Adherence to this therapy program can have noteworthy results for those who experience both sleep apnea and depression. A study reported on by the American Academy of Sleep Medicine examined a patient group in which 73 percent had “clinically significant depressive symptoms at baseline.”
The results: “Clinically significant depressive symptoms remained in only 4 percent of the sleep apnea patients who adhered to CPAP therapy for 3 months (9 of 228 patients). Of the 41 treatment adherent patients who reported baseline feelings of self-harm or that they would be ‘better dead,’ none reported persisting suicidal thoughts at the 3-month follow-up.”
The study’s authors noted that based on these findings, some individuals who are diagnosed with depression may actually be experiencing complications from their sleep apnea. While this certainly isn’t the case for all instances of depression, it is clear that the sleep apnea itself is a major contributing factor for those with OSA — and that CPAP adherence can dramatically change patient outcomes.
A more recent trial study from Flinders University that examined over 2600 patients similarly found that those who were compliant with their CPAP therapy guidelines experienced significant improvement in symptoms of depression in as little as six months. Even more importantly, the improved mental health status was sustained as trial participants continued to use their CPAP machine. Those with the worst mood scores benefitted the most.
These studies illustrates just how important CPAP therapy adherence can be in staving off symptoms of depression — especially during high-stress periods like the holidays. By limiting interruptions to sleep, CPAP therapy helps prevent triggers of the body’s stress mechanisms. Feeling more rested ensures that individuals have the physical, emotional, and mental stamina to deal with daily responsibilities and challenges.
Following a sleep study, a medical professional will help you determine the air pressure settings that will be needed to help you enjoy a good night’s sleep. They should also evaluate your sleeping and breathing patterns to determine which CPAP mask option will be best suited to your needs.
Additional Ways to Deal With Holiday Stress
While taking steps to mitigate your sleep apnea is a good start in reducing your risk of the holiday blues, there are several simple things you can do to make the season more manageable. After all, the stress and anxiety that can sometimes come with the holiday season can prove just as disruptive to a good night’s rest as sleep apnea.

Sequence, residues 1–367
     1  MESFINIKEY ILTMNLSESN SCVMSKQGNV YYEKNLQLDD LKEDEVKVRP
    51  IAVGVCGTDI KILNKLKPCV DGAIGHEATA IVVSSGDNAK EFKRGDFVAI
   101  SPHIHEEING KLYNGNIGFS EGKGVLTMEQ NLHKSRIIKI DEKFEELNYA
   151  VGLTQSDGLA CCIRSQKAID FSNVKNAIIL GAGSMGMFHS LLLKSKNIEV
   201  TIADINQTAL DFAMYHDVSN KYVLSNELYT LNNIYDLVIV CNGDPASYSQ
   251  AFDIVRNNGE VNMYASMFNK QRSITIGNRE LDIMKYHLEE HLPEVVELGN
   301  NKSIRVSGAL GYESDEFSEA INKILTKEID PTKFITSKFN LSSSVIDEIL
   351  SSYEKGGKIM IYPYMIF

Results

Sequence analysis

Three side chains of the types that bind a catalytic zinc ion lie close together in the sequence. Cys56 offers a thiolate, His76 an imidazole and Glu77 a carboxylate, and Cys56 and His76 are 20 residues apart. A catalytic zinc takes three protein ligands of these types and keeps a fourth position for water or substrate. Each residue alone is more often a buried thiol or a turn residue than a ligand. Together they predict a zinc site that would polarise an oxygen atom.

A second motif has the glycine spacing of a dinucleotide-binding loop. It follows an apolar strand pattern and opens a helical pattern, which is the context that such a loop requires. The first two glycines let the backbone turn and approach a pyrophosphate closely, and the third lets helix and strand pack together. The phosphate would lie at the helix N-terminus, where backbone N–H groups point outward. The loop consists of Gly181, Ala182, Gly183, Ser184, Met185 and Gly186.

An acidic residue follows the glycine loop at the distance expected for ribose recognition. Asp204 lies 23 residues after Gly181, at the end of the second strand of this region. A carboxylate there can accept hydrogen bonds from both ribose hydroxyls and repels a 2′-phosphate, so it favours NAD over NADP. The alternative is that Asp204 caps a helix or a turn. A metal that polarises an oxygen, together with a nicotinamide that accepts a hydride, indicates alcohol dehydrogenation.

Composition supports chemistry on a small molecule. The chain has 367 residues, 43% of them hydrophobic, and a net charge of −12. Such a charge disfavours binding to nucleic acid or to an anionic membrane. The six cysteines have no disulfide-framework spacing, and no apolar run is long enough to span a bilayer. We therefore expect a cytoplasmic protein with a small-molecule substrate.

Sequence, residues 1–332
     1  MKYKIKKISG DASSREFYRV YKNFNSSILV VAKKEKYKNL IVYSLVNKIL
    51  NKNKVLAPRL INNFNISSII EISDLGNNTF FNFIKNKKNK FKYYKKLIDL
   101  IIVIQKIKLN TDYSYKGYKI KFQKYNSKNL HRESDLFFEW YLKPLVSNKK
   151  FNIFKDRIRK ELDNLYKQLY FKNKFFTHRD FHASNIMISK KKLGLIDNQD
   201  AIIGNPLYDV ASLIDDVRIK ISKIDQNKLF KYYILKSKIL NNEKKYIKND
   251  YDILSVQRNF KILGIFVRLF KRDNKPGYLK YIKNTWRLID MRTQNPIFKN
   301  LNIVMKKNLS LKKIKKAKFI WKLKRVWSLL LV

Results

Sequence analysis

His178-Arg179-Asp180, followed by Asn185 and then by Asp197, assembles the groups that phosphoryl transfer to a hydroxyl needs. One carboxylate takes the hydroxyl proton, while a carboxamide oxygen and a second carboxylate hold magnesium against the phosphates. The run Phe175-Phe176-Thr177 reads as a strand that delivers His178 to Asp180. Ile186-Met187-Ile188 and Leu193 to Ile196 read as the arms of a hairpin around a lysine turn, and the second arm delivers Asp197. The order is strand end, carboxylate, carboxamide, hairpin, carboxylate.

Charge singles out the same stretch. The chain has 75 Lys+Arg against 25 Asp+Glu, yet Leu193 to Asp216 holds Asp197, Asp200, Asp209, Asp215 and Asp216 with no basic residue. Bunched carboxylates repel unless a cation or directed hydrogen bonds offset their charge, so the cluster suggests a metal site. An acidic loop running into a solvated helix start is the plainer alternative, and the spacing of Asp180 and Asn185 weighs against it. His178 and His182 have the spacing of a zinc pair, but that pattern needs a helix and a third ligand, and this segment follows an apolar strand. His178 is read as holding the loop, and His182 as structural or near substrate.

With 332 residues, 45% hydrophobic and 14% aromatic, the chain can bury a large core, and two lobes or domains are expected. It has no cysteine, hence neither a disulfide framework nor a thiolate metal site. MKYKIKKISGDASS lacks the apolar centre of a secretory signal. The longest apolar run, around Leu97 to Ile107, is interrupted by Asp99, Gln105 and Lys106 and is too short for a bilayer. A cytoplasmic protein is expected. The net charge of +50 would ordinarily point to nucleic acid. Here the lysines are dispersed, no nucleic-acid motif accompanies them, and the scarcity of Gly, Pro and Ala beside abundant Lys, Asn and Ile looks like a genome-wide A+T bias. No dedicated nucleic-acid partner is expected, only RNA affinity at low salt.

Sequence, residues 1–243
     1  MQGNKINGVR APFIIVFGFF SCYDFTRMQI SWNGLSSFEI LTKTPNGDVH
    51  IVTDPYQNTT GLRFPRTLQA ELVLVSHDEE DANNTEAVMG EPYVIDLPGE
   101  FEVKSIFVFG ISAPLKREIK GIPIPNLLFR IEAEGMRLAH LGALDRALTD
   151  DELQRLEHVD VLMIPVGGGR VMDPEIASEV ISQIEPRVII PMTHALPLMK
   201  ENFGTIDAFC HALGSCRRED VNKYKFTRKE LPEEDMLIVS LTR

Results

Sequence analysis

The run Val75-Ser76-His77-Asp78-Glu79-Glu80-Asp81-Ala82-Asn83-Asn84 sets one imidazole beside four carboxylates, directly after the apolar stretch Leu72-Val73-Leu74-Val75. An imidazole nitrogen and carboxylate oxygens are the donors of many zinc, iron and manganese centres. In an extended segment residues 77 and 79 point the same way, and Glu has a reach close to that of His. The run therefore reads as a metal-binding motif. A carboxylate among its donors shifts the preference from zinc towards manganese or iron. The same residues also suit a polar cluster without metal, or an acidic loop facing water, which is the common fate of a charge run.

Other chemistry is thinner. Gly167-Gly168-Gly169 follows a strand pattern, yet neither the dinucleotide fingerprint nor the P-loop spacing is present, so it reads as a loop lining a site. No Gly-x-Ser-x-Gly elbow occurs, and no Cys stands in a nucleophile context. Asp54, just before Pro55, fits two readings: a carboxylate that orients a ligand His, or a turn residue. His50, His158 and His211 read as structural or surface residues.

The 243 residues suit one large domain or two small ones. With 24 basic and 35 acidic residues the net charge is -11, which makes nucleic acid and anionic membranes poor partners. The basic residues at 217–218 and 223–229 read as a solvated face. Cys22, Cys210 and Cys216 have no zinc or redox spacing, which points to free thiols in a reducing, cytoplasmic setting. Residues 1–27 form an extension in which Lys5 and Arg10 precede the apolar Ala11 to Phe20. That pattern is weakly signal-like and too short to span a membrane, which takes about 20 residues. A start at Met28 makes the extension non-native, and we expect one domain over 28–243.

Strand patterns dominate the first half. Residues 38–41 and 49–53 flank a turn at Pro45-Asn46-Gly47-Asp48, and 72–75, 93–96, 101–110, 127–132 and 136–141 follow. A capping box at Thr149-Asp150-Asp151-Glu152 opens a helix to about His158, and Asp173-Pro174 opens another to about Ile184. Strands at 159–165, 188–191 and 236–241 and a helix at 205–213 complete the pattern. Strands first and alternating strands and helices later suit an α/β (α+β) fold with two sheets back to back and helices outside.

For example, in an article for Psych Central, Darlene Lancer, JD, MFT recommends a few basic guidelines for reducing holiday stress: “Make plans in advance, so you know how and with whom your holidays will be spent. Uncertainty and putting off decision-making add enormous stress. Shop early and allow time to wrap and mail packages to avoid the shopping crunch. […] Don’t allow perfectionism to wear you down. Remember it’s being together and goodwill that matters. Make time to rest and rejuvenate even amid the pressure of getting things done. This will give you more energy.”
Those who are struggling to get through the holiday crunch should never be afraid to ask for help from family, neighbors, or other acquaintances. Those who are grieving should try to find healthy outlets for their emotions. Suppressing feelings of grief can actually make depression worse.
The holiday season is also a time when many turn outward. This is a great time of year to find ways to serve others, particularly since volunteering has been confirmed to reduce depressive symptoms. Volunteering can increase self-confidence, provide a sense of purpose, help you form new social connections, and help you feel happy. Look for opportunities in your community to lift others — and yourself.
One additional thing to be aware of is the potential that you might suffer from seasonal affective disorder, also sometimes referred to as seasonal depression. Individuals with this condition will typically begin to experience depressive symptoms during the fall, which worsen during the winter but then disappear during spring and summer.
Though the causes aren’t entirely clear, Mayo Clinic notes that the reduction in sunlight during the winter months could disrupt your circadian rhythm, as well as your serotonin and melatonin levels. This results in depressive symptoms that last during most of the winter, and recur each year. If you experience seasonal depression, your doctor may recommend light therapy or that you take medication during this time of year.
If you ever experience suicidal thoughts associated with other depressive symptoms, don’t keep silent. Call 911, go to the emergency room, or call the National Suicide Prevention Lifeline at 1-800-273-8255 for immediate help.
Happier Holidays Ahead
Depression is a complex issue, and depending on what’s causing your symptoms, starting CPAP therapy won’t necessarily cause you to magically feel better. However, the research has consistently shown that there is a connection between untreated sleep apnea and depression. By taking steps to address this mitigating factor so you can enjoy higher-quality sleep, you will feel well-rested each morning and have the stamina needed to get through the holidays.
While purchasing a CPAP machine may seem like a major financial purchase, few things can have a bigger impact on your overall health and well-being. Here at Help Medical Supplies, we know that these purchases can seem quite expensive, especially if you don’t have adequate insurance coverage to help cover the cost of your equipment.
To help reduce your financial stress this holiday season (and always) we offer CPAP machines, masks, and accessories from top brands like ResMed and Philips Respironics at discounted prices. We also provide free shipping on all orders over $89, and purchases over $500 can qualify for affordable financing through CareCredit. You can easily save hundreds of dollars on your equipment purchase!
With the right CPAP equipment, you will be able to take control of your sleep apnea and get the quality rest you need each night. This will leave you far better prepared to face whatever the holiday season might throw your way.